I'm not talking about a public park or a sidewalk, I'm talking about property that I have worked many years to acquire. Would it be OK if I set up my card table collecting for 'battered women,' or whatever the money scam of the day is, right outside the judge's front door in a gated community? Somehow I suspect that these same judges would find a reason to say no to that.

What I have worked and pay for now belongs to others for free, whenever they want it. There's your slippery slope.


/rant
1.14.2008 3:32pm
Jaime non-Lawyer:
I wonder what their decision would have been if the case involved protests in front of a military recruiting office.
1.14.2008 3:33pm
Mr. Liberal:
Your concerns about slippery slopes are overblown.

At the end of the day, we live in a democracy.

We can override our judges, if we really want to. We can break from past precedent, if we really want to.

The above, is a four sentence rebuttal to your silly law review article all about slippery slopes. And it is so much shorter.
1.14.2008 3:38pm
boose:
Arg. I hate it when the real solution is that someone needs to own the sidewalk other than the government. On the one hand, people should be allowed to say what they want. On the other hand, people should be allowed to walk where they want without someone yelling too close to them (invading personal space and all). If the businesses simply owned some space outside their building this wouldn't even be a legal issue. Frustrating...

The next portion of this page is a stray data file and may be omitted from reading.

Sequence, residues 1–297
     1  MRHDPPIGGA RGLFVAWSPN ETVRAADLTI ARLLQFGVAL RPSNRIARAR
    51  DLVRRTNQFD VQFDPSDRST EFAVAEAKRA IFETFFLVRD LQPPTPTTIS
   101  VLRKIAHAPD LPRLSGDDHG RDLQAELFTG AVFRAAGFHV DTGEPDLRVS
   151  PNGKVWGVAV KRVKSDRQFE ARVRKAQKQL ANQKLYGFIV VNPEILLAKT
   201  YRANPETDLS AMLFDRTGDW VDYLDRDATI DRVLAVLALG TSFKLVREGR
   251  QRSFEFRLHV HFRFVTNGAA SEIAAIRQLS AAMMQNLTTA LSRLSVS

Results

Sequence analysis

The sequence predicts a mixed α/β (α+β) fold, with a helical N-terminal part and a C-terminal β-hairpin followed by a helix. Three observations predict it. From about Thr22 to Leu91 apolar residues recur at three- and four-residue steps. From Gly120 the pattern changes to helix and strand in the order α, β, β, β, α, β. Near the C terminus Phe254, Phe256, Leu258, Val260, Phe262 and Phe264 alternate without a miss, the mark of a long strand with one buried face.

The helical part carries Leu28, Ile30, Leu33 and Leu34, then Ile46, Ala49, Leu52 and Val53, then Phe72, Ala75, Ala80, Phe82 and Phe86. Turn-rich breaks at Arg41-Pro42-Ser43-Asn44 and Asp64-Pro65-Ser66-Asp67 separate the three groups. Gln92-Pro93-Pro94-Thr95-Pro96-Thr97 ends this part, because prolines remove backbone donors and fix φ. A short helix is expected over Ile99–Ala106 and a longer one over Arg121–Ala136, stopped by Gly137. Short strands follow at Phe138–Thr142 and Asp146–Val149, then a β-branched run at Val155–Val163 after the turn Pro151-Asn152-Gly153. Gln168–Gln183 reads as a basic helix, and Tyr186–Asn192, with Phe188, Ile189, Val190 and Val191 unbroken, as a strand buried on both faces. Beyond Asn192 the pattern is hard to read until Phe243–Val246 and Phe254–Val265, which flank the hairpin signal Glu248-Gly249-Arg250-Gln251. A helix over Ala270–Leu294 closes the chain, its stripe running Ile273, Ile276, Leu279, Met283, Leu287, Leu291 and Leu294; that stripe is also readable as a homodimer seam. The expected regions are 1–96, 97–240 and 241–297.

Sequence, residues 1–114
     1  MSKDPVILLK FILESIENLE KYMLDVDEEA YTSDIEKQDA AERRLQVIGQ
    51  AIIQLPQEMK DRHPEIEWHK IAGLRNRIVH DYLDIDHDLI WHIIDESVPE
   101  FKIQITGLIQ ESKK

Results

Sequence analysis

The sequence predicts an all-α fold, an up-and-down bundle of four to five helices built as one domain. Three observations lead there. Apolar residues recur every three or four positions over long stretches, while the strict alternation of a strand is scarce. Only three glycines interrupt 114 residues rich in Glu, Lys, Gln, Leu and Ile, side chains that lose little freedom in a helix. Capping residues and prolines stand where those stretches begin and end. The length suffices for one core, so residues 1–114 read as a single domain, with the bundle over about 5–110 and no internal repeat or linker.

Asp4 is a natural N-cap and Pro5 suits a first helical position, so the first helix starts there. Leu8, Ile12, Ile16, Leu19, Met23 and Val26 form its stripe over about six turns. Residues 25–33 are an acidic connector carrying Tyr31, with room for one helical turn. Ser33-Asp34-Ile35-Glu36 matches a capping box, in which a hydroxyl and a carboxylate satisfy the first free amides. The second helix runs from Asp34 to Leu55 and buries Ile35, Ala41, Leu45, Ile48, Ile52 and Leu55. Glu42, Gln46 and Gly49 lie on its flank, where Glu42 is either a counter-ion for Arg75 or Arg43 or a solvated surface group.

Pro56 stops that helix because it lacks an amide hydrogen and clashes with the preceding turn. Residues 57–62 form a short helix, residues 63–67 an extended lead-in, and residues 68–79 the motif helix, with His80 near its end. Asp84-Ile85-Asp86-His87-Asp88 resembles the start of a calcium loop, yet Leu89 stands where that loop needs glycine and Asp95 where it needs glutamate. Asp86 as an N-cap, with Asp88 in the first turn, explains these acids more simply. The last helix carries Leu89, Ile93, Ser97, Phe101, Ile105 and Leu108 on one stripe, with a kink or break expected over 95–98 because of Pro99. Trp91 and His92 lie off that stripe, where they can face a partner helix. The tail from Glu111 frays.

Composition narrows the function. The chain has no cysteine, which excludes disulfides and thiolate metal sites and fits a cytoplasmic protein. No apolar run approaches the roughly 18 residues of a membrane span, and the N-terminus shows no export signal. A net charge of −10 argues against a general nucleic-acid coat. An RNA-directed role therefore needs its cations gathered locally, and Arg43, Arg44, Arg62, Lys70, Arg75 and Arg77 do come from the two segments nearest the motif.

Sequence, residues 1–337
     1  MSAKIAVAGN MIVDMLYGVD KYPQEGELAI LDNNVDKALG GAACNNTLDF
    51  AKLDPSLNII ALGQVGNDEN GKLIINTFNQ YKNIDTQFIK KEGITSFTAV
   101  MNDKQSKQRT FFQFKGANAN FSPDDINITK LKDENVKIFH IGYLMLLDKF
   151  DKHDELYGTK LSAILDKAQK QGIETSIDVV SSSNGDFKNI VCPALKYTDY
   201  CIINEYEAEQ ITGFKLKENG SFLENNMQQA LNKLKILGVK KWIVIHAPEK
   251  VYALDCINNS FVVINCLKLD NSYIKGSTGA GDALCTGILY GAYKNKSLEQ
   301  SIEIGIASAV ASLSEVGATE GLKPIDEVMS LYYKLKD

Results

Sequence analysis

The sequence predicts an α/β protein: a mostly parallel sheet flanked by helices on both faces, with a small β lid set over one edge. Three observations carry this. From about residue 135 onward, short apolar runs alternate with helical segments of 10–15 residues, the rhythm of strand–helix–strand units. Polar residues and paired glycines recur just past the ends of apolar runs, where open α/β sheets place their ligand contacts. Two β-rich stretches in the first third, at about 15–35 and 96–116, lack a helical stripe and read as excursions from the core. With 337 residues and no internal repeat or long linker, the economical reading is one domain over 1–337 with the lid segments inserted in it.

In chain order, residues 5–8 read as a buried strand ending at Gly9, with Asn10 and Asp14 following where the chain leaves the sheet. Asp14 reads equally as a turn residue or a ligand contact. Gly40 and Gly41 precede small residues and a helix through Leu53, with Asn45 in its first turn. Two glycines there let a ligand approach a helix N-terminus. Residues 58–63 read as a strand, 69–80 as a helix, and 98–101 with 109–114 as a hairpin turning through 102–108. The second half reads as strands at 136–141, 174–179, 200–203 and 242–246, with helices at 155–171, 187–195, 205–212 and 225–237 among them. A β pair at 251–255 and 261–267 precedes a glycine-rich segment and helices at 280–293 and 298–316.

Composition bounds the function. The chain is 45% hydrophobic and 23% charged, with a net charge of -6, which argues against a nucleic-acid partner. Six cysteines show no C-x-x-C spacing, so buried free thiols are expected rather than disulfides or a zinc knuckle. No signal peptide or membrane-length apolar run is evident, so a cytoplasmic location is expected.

1.14.2008 3:38pm
common sense (www):
Mr. Liberal,
I thought one of the reasons for the Bill of Rights is so that the tyranny of the majority cannot override certain rights.
1.14.2008 3:49pm
David M. Nieporent (www):
Wait: so if I own a mall in California, the government can stop me from banning speech there.... but the government can ban speech there?
1.14.2008 3:59pm
David M. Nieporent (www):
Your concerns about slippery slopes are overblown.

At the end of the day, we live in a democracy.

We can override our judges, if we really want to. We can break from past precedent, if we really want to.

The above, is a four sentence rebuttal to your silly law review article all about slippery slopes. And it is so much shorter.
And so much less intelligent. If you were less interested in trolling, you'd stop this idiotic mantra about "democracy." Jim Crow was "democracy." Abortion bans are "democracy." Democracy has no inherent value, nor does it lead to inherently good results. Nor is it "liberal" to think otherwise.